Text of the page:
Centering Disability in Design: A Conversation

What does it look like when disabled people are viewed not as edge cases or afterthoughts in the design process, but as the default users? What happens when, instead of flattening disability into an indistinguishable group of “all abilities,” we understand and design for the unique and varied experiences of disabled people? How can we prioritize, honor, and celebrate disability in our design practice? Join our panelists in conversation to answer these questions about designing FOR and WITH disability. 


Photo of Olivia M. Asuncion, a Filipina woman with dyed-red hair wearing a rich green dress and elegant blakck heeled shoes. She wears black framed glasses and sits in a power wheelchair.Olivia Mae M. Asuncion, AIA (she/her), has oriented her career path towards building inclusive communities as an architect and design researcher from Oakland, California. She started off with helping Bay Area non-profit organizations through construction, project, and property management, including the Ed Roberts Campus, a universally designed building in Berkeley that houses several disability-centered organizations. She then transitioned into the design and construction of public safety buildings, public sector offices, and community spaces, and K-12 educational facilities, with a focus on going beyond the building code minimums and finding creative solutions to enhancing accessibility in the built environment. Asuncion’s notable research projects include: a study assessing the efficacy and accessibility of existing evacuation protocols and building safety codes; collaboration with university faculty on the post-occupancy evaluation of the Ed Roberts Campus; and a Fulbright Program project studying the accessibility of elementary schools in the Philippines. She is currently serving as a public member of the U.S. Access Board.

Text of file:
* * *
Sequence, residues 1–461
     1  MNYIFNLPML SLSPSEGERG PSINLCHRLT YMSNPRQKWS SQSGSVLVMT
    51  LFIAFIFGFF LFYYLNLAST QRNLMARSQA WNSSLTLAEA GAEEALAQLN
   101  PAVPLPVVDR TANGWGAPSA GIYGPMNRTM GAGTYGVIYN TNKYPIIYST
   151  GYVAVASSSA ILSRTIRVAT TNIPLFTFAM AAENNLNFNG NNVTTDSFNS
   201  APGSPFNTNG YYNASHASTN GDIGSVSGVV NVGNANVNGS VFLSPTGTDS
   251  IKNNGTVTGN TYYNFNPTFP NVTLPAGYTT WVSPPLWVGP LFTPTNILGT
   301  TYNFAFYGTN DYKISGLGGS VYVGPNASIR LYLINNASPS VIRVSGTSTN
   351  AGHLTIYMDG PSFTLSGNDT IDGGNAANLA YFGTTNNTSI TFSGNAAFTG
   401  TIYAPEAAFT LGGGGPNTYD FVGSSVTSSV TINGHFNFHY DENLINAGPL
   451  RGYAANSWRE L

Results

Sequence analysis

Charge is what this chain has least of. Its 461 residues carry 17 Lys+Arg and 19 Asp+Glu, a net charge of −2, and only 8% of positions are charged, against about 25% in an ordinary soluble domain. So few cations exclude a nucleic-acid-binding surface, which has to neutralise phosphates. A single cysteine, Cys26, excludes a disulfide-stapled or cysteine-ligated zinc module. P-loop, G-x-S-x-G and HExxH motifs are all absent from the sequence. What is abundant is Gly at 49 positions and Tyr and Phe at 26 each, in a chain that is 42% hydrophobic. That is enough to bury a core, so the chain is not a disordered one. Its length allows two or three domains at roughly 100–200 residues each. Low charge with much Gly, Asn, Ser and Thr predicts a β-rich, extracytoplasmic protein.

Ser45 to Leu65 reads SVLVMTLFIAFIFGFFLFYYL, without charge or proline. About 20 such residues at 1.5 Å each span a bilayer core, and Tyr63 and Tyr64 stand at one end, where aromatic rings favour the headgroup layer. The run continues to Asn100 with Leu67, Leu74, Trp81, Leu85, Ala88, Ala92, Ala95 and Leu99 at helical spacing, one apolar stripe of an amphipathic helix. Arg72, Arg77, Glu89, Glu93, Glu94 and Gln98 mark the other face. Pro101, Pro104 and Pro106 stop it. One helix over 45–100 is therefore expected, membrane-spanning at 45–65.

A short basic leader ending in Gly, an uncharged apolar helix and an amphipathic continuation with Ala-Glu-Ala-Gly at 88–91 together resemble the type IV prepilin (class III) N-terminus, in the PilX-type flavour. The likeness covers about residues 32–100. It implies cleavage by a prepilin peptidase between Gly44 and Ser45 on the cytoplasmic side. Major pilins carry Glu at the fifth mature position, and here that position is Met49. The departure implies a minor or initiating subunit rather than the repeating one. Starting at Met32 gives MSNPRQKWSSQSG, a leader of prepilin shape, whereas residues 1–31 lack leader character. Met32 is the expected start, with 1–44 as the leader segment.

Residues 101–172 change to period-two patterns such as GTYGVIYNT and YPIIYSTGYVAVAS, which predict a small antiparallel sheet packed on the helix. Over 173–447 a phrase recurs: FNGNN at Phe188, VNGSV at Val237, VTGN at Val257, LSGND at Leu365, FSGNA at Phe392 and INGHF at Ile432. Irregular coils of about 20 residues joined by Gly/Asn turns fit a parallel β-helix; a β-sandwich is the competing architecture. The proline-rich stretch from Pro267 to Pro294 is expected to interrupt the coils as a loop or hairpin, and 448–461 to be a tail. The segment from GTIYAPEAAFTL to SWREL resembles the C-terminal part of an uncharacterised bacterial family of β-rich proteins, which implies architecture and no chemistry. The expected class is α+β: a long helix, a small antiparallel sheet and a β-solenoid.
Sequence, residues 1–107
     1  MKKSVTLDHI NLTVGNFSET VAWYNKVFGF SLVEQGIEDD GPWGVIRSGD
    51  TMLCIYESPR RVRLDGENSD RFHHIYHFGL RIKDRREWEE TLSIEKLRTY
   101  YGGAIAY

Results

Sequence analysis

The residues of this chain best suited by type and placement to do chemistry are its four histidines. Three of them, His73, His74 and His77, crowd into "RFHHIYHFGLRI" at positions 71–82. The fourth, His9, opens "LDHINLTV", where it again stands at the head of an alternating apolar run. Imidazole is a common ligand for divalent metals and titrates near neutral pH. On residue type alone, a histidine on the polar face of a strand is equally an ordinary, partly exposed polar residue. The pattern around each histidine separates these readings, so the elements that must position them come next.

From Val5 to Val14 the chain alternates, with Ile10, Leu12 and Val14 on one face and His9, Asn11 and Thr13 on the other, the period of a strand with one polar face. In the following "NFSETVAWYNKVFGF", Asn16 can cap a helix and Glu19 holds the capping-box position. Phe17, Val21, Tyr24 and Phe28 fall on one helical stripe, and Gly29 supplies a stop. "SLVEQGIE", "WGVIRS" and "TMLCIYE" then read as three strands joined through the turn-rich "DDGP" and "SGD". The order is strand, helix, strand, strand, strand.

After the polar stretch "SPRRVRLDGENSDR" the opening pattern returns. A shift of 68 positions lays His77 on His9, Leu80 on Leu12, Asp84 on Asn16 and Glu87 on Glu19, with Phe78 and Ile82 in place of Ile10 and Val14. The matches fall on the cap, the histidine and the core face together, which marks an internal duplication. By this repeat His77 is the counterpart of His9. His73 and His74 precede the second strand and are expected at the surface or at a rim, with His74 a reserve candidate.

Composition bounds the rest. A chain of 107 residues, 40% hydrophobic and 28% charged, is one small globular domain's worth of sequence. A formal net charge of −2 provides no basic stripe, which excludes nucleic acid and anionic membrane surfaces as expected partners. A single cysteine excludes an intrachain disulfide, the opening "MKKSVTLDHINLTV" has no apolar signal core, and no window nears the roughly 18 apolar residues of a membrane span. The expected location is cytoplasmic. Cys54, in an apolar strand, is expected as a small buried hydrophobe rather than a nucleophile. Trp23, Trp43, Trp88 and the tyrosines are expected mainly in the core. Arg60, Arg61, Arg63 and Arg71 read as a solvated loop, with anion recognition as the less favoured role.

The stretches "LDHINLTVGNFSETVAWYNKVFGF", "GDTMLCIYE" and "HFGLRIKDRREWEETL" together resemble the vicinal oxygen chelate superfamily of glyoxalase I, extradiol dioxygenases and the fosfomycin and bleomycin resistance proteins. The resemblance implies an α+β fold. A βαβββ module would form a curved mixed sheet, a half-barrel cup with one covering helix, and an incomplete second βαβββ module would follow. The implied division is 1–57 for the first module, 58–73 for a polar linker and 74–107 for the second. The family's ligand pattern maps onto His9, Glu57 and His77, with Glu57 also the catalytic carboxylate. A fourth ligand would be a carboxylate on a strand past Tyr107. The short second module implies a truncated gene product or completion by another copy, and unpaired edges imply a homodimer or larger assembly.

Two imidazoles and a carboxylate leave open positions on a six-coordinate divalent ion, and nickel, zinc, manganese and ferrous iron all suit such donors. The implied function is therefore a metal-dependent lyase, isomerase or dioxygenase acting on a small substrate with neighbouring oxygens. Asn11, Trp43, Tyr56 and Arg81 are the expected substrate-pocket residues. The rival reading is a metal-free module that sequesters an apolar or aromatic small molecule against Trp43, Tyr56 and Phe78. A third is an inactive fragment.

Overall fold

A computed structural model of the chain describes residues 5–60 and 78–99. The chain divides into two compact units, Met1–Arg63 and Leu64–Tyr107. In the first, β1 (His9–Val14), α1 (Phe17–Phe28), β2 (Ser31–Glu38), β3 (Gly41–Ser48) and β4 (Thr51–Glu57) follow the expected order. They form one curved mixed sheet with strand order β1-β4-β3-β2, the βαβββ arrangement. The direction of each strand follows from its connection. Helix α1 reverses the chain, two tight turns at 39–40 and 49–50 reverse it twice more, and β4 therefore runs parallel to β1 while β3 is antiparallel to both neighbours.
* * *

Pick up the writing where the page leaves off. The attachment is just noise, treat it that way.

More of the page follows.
Sky Cubacub is wearing xyr signature pink scalemaille headpiece, and pink chainmaille crop top with lavender metamaille Filipinx butterfly sleeves and clear scalemaille on the chest along with a pink chainmaille merkin harness. They are wearing a geometric color blocked unitard with checkerboard, polkadots and triangles and handmade boots with silver triangle cut outs and a iridescent shardmaille handpiece. Xyr makeup features a white grid, black spiked geometric under eye eyeliner, one purple eyebrow, one googly eye eyeball, asymmetrical turquoise snarly lipstick and big aqua squiggles. They have a geometric tattoo on their shoulder that matches their makeup and they are sitting in front of a pink background with a black and white grid sculpture behind them.Sky Cubacub (They/Them/Xey/Xem/Xyr) is a non-binary xenogender disabled Filipinx neuroqueer from Chicago, Illinois. They are the creator of Rebirth Garments, a line of wearables for trans, queer, and disabled people of all sizes and ages, which started in summer 2014. Sky is the editor of the Radical Visibility Zine, a full color cut and paste style zine that celebrates disabled queer life, with an emphasis on joy. Additionally xey are the Access Brat and the editor of a section on ethics and inclusion called “Cancel & Gretel” at literary fashion magazine “Just Femme and Dandy.” Sky has most recently been working on a free online queercrip DIY fashion program with Chicago Public Library called Radical Fit. Sky was named 2018 Chicagoan of the Year by the Chicago Tribune and is a 2019/2020 Kennedy Center Citizen Artist and a Disability Futures Fellow.